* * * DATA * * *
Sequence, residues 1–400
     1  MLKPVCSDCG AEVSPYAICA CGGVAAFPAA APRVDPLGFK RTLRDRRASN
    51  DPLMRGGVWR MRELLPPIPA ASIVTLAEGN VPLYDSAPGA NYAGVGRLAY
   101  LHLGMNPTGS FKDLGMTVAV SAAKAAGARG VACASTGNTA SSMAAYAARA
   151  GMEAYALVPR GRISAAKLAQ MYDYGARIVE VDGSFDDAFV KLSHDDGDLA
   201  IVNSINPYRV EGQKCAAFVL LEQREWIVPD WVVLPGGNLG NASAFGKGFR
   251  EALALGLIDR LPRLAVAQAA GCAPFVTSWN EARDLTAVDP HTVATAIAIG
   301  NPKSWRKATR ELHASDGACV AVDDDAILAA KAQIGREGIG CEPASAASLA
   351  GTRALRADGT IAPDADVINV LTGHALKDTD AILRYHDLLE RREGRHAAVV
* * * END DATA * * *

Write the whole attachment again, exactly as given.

Sequence, residues 1–400
     1  MLKPVCSDCG AEVSPYAICA CGGVAAFPAA APRVDPLGFK RTLRDRRASN
    51  DPLMRGGVWR MRELLPPIPA ASIVTLAEGN VPLYDSAPGA NYAGVGRLAY
   101  LHLGMNPTGS FKDLGMTVAV SAAKAAGARG VACASTGNTA SSMAAYAARA
   151  GMEAYALVPR GRISAAKLAQ MYDYGARIVE VDGSFDDAFV KLSHDDGDLA
   201  IVNSINPYRV EGQKCAAFVL LEQREWIVPD WVVLPGGNLG NASAFGKGFR
   251  EALALGLIDR LPRLAVAQAA GCAPFVTSWN EARDLTAVDP HTVATAIAIG
   301  NPKSWRKATR ELHASDGACV AVDDDAILAA KAQIGREGIG CEPASAASLA
   351  GTRALRADGT IAPDADVINV LTGHALKDTD AILRYHDLLE RREGRHAAVV